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Arts / Norman has ‘all you need’ on new album

For All Your Needs sees Norman Willmore juggle jazz and traditional music in style

Norman Willmore.

THEY say inspiration comes from all sorts of places, and this is especially true of the title of Norman Willmore’s latest album, For All Your Needs.

The name was “lovingly” inspired by an old mug the musician picked up from the Nesting Scrapstore, which was made to promote the former Brae Stores and its various goods on offer.

Gifts, groceries, frozen foods, Calor Autogas, wines and spirits, Post Office and lottery, the mug proclaims. “Brae Stores – for all your needs”.

Willmore reworked an image of the mug for his album cover, with his name replacing Brae Stores and the seasons voar, simmer, hairst and winter replacing the goods.

Echoing the variety of what is advertised on the original mug, Willmore’s album is a rich tapestry of sound; of course, there is saxophone, the instrument he rose to prominence with, and jazz, but there’s folk, fiddle, keyboard, guitar…and even the sound of Rice Krispies snapping, crackling and popping in milk.

The largely instrumental album has one foot in the folk traditions of Shetland, and the other further afield – there’s even a track named after Broonies Taing in Sandwick, where he often spends time with family when visiting home.

“There is a great beach, that is quite sheltered and there are lots of caves and geos to explore in the kayak. I love spending time there in summer with my family,” he says.

“Also when I came back home to record my first album, we spent a week in Broonies Taing rehearsing all the music.”

There is also the track Da Day Dawn, a fiddle tune from Shetland which used to welcome in the Yule morning, and is said to be one of the oldest tunes in the local fiddle tradition.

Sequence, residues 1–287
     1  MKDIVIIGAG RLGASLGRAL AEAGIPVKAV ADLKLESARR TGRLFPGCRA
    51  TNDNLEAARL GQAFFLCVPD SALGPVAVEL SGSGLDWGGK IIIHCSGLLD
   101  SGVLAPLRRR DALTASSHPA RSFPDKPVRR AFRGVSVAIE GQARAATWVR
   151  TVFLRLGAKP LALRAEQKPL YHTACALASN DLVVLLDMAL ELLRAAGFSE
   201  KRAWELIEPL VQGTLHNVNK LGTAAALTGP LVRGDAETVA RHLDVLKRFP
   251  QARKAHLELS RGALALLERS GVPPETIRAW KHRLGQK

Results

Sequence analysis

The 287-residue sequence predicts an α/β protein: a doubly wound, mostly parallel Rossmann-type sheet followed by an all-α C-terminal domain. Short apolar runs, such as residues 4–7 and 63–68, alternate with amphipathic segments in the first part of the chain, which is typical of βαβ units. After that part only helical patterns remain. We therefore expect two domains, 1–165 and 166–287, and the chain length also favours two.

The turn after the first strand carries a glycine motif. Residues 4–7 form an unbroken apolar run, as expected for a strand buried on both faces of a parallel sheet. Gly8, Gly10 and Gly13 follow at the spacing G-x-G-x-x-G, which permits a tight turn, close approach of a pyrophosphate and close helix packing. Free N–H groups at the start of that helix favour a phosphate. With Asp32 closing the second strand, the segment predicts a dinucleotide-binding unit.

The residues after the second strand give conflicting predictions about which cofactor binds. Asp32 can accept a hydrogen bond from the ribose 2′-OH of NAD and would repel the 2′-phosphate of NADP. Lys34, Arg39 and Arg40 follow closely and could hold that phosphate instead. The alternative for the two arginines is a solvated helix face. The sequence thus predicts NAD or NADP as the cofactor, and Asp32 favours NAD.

But Willmore – who also plays in the Peatbog Faeries – likes to experiment, and the folk tunes are never straight-up trad, with embellishments and extras layered on top.

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Then there is the jazz side of palette, where Willmore’s sax, and the other instrumentation, is free to roam. All in all, the 13 tracks are a mix of folk tunes arranged by the musician, some emanating from Scandinavia, and original compositions too.

All the tunes were recorded and produced at home by Willmore with the help of collaborators Brodie Jarvie and Harry Gorski-Brown.

The record is also mixed and mastered by old friend and collaborator Hayden Hook, another Shetlander who has moved away from the isles. Willmore is now based in Glasgow, with Hook in Amsterdam.

“Me and Hayden have known each other since we were in our early teens,” Willmore says. “And even though we don’t spend every day in Haldane Burgess Crescent anymore, we still keep in touch and help each other out when we can.

“The mixing process was pretty difficult because Hayden was in Amsterdam and I was in China – the blocks on Chinese Internet made it extremely difficult to send files to each other. I ended up listening to the final mixes on a 14 hour flight from Shanghai to London.”